“The most stressful times were those when I had only a few days left in my contract and the next one wasn’t discussed yet,” one intern from Finland said. In one year-long stint, the intern said they signed six contracts with their employer. Abruptly, the studio declined to renew the contract. The intern was let go in the midst of production on a game about mental health.
Get Set Games’s current level design intern, Shepherd Cameron, found himself working overtime during his first few months on the job.
“My first few months, I worked myself to the bone. If there was something I could do, I did it,” he said. “I stayed late every day and worked on weekends to get my own stuff done and as good as I can get it. My boss and workmates observed that I was burning myself out and really discouraged me from staying late and overworking, etc. I think with most interns they need to prove themselves, but I was lucky to work with a company that doesn’t support crunch.”
Depending on a country’s labor laws, some studios have been known to hire interns for as long as possible before it’s mandatory to start paying them. In France, interns must be granted a paid position if the internship lasts more than two months; one game development intern interviewed said a stay at a French company was slated to last two months.
Despite low or no pay, the responsibilities of an intern often mirror the expectations made of full-time staffers. The former intern from France described working at a different studio, in a longer-term role, receiving the minimum intern’s wage, ranging from 550-650 euros, “depending on the month.” There was a crunch culture at the company; developers worked late from Monday to Sunday. Holidays could be negotiated as long as he caught up the hours. If he wanted a half-day, he would work through lunchtime for a couple of days to compensate. “I had the responsibility of a dev without the status or pay,” he told The Post.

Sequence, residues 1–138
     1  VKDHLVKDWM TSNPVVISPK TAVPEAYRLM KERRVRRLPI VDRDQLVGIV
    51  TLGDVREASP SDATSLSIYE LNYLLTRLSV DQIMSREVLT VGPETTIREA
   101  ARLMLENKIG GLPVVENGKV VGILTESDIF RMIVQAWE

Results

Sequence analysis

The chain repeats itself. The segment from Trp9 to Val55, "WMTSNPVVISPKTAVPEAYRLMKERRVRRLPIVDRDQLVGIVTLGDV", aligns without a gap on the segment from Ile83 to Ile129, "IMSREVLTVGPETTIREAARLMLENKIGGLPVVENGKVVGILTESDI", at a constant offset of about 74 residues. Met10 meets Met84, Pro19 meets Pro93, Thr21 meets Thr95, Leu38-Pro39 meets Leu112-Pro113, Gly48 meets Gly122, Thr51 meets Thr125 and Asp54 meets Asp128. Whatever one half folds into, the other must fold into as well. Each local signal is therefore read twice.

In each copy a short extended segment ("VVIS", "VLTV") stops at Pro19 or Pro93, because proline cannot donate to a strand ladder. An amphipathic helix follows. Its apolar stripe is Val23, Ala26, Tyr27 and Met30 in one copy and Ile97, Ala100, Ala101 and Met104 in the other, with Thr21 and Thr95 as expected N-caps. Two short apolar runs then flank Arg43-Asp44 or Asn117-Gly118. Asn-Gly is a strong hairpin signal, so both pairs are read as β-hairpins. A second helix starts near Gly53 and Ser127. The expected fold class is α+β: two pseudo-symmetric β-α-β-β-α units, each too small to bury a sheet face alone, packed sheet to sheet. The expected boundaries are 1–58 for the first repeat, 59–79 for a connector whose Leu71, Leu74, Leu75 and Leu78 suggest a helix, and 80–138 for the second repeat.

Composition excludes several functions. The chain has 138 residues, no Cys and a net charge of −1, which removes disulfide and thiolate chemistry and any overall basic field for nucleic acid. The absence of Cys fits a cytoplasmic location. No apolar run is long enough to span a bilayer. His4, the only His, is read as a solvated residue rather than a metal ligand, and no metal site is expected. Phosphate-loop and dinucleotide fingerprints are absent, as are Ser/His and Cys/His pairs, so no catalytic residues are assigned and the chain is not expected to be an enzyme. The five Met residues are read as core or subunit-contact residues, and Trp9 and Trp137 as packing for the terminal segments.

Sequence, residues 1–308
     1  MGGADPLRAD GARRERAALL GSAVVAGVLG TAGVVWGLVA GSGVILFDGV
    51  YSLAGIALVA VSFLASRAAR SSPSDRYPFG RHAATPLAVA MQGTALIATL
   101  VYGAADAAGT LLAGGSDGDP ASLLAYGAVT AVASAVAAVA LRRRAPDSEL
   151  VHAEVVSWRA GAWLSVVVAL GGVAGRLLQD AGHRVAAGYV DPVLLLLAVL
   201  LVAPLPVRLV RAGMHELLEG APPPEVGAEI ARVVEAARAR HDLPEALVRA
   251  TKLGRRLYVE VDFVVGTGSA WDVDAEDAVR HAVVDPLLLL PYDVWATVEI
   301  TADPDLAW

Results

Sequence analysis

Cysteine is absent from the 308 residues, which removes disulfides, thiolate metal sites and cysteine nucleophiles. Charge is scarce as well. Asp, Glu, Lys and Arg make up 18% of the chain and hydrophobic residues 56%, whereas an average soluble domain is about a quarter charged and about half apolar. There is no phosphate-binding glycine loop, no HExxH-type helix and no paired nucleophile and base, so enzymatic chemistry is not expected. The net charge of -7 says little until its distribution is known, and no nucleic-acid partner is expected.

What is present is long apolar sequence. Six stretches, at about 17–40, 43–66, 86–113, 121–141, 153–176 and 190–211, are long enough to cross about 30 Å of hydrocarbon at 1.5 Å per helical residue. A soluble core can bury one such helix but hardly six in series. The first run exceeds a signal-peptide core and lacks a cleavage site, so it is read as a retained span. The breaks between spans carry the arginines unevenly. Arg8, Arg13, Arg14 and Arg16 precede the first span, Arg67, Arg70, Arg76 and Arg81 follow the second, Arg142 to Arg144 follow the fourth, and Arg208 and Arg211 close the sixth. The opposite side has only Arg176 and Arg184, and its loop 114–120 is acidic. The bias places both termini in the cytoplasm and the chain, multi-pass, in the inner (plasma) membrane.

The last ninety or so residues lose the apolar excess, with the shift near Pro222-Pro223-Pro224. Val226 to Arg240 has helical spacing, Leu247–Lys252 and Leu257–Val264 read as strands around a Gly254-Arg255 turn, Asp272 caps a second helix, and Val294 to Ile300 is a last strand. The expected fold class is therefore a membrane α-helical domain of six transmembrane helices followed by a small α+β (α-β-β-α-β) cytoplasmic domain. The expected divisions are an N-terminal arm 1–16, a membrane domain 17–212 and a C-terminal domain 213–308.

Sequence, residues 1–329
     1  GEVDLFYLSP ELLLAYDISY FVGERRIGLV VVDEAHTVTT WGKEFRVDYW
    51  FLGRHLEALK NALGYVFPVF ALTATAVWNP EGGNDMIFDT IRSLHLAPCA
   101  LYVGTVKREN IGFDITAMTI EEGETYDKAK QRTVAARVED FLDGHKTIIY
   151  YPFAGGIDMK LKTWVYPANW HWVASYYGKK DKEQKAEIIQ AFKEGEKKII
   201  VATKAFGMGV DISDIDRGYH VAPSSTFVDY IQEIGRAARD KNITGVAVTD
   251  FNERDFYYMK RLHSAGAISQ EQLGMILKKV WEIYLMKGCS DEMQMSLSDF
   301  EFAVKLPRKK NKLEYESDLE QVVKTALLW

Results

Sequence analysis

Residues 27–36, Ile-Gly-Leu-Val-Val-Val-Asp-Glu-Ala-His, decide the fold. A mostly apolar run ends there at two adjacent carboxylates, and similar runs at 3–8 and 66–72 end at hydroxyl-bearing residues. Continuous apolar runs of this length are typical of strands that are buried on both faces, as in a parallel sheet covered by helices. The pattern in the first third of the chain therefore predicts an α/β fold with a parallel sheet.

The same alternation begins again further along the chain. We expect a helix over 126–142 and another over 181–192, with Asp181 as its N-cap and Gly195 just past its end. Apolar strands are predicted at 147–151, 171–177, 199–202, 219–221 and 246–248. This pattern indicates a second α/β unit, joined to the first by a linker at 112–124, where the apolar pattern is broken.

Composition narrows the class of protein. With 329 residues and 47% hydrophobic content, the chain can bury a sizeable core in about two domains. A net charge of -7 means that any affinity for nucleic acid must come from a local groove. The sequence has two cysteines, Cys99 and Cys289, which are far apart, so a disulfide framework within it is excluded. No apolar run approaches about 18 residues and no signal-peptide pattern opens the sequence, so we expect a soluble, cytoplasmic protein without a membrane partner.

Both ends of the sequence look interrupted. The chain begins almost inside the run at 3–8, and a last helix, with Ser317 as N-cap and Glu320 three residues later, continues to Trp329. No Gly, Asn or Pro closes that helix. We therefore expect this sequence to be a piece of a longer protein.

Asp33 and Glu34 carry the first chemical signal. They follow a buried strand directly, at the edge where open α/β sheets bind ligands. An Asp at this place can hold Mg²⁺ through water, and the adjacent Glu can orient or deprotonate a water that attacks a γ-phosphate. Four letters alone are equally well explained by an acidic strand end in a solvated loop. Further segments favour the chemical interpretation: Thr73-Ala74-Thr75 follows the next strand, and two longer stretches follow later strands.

Some of the people interviewed for this report described positive and healthy practices at past workplaces. Integrating interns into development meetings and letting them see or take part in different tasks can be rewarding. Micah Lapping-Carr, a 2008 intern at EA in Los Angeles, recalls being present during project management meetings three times a day. “I learned a lot about the behind-the-scenes aspects of AAA game development that most people don’t get to see,” Lapping-Carr said.
Receiving support from management is key, too. Failbetter Games helped Lucy Ann Jones relocate from Chester to London in January 2019, where she spent six weeks as an intern in the studio working on “Sunless Skies.” The studio also helped by introducing her to key contacts during her job search and helping to redraft her CV before her internship ended.
“I worked under Hannah Flynn, who not only ensured that I was involved with as much work as was feasible, but also supported me throughout the stressful experience of moving from a quiet town to London all on my own,” Jones said.
There is no industry-wide union, though 54% of the nearly 4,000 game developers surveyed in the Game Developers Conference’s 2020 State of the Game Industry Report said workers should unionize. Twenty-three percent said workers in the industry would organize.
Workplaces and networks including the Campaign to Organize Digital Employees have been trying to tip the scales in favor of unionization in the industry. There have been examples of this throughout the year: The writers team behind “Lovestruck,” for example, went on a 21-day strike to obtain an agreement for better wages and transparency in the studio.
Balancing boundaries against the value of experience and getting noticed in an industry with few openings and opportunities can be tricky for interns trying to earn a living.
“It’s a horrible reality, but it is very possible that doing grunt work led to me being able to get where I am today,” another developer told The Post, recalling his time studying in the United Kingdom. During that time he worked on an unpaid basis at a smaller studio, with the general agreement he would use it “as an opportunity to develop skills” while creating a portfolio.
“I do honestly believe [the] company offered me what they did in good faith, but they also did benefit from that,” he concluded. “It honestly was very hard as time went on. I began very enthusiastically, as a young hungry designer does, but that did wane as time went on. We need to be really careful with how we treat juniors in this industry. My experience wasn’t brilliant, and that’s with a level of sincerity. I can’t imagine what it might be like for those who don’t at least have that.”
The Washington Post